National Fraud Awareness Week: How Can Small Businesses Prevent Fraud?

Fraud threat affects every size of business, however smaller businesses can often be more vulnerable to fraud than those larger organisations. Last year an estimated £18.9 billion was lost as a result of fraud in SME’s alone.

Fraud can occur from within your organisation but can often extend beyond that even though Banks and other fraud prevention organisations have highlighted the need to be wary of disclosing information. Yet still worryingly, cyber crime is up by 63% in 2017. This is a decrease of 15% from the previous year, but this is still a concerning figure.

To ensure your business is protected you should identify:

  • Common types of fraud that can expose your small business
  • Steps you should take to prevent fraud and implement regulations to help you achieve this.
  • Identify employees that could potentially commit fraud. This is an awful way to have to think but the reality is, to always keep an open mind and minimise the potential risk of any kind of fraud anywhere.

Whilst the types of fraud are no different to larger organisations, smaller businesses are more susceptible because they often do not have the measures in place to identify or ringfence potential issues.

Until your business understands the type of frauds that can occur, it’s essential to understand what fraud can be committed and this can be split into 6 categories:

Assets fraud

  • Expenses theft: when an employee uses their expenses for their own benefit
  • Compensation fraud: When an injury is exaggerated to gain compensation for something that wasn’t the company’s fault.
  • Cheque forging/tampering: An employee forging signatures or altering payee info, amount info.
  • Cash theft: Stealing physical cash from the business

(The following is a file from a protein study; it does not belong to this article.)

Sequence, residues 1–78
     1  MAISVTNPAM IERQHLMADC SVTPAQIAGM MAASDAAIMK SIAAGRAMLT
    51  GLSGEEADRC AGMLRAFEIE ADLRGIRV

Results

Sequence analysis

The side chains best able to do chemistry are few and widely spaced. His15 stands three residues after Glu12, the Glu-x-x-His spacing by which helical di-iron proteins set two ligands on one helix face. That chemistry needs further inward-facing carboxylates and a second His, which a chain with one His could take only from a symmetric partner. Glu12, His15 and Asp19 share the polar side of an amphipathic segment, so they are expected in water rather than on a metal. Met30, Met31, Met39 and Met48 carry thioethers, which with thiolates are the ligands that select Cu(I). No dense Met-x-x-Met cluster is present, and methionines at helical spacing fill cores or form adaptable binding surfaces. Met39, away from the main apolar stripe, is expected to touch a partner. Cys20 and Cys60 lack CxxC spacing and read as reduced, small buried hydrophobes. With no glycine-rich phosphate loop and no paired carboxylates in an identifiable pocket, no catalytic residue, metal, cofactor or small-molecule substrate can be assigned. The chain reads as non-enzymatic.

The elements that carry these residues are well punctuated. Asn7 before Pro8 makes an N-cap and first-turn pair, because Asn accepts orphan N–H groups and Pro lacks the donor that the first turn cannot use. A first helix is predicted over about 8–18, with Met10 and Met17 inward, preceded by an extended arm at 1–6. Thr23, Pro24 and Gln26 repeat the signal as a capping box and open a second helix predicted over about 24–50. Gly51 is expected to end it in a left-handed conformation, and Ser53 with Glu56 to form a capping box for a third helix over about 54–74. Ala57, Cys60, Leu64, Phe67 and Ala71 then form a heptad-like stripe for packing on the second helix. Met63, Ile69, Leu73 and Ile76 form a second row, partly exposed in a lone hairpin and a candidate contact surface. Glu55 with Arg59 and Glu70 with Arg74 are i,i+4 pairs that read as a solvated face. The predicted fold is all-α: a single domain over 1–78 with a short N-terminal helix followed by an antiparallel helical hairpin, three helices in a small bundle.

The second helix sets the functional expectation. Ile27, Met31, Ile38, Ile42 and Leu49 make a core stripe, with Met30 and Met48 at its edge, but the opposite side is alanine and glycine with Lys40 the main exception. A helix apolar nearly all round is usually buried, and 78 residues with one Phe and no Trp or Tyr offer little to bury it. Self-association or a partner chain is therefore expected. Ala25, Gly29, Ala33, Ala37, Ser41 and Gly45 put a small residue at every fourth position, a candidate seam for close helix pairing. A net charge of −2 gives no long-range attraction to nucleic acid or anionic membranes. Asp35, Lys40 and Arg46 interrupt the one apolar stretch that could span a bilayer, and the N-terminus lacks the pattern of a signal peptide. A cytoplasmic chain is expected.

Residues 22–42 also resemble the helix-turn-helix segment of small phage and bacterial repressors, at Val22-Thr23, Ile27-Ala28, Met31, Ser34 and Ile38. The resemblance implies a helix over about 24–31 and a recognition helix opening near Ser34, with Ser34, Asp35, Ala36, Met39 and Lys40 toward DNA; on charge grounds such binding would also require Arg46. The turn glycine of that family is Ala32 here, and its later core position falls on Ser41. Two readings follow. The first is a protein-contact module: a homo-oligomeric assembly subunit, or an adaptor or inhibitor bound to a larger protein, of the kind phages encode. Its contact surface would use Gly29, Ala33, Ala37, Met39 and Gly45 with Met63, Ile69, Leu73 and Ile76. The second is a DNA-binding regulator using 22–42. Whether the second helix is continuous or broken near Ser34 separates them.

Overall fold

• Product theft: When an employee uses company money to gain a product for their own use


  • Embezzlement: When someone has control of the company funds and uses them inappropriately for their own benefit
  • Personal use purchases: When company funds are used to buy something for personal use, but it is recorded as legitimate company purposes.
  • Accounts payable: This can be the most detrimental fraud to the business, as this can involve invoice or expenses tampering
  • Fake Employees: When an employee does not exist but appears on the payroll
  • Ghost suppliers: Suppliers that don’t exist that are billing for services or products that don’t exist.


  • Trade secrets: when these are sold to competitors to the detriment to your business.
  • Theft of sensitive data: when data such as credit card numbers, client info is sold to 3rd

Bribery & or corruption:

  • Bribes: This occurs when another business is paid to aid their own company’s or personal benefit.
  • Product fakes: When the original product is substituted for inferior products than what was initially agreed. This is usually to help reduce cost.


  • Billing schemes: False payments are sent to individuals within the business from the company and can involve creating a fake customer or editing an existing one.


  • Overcharging people than what was initially agreed.

Preventing fraud in small business:

There are several steps to prevent fraud in your small business and protect your assets whether they are physical or monetary assets. So, we have come up with a series of tips to help you:

Know your clients: Vet potential clients, there is nothing wring in ascertaining who your potential clients are.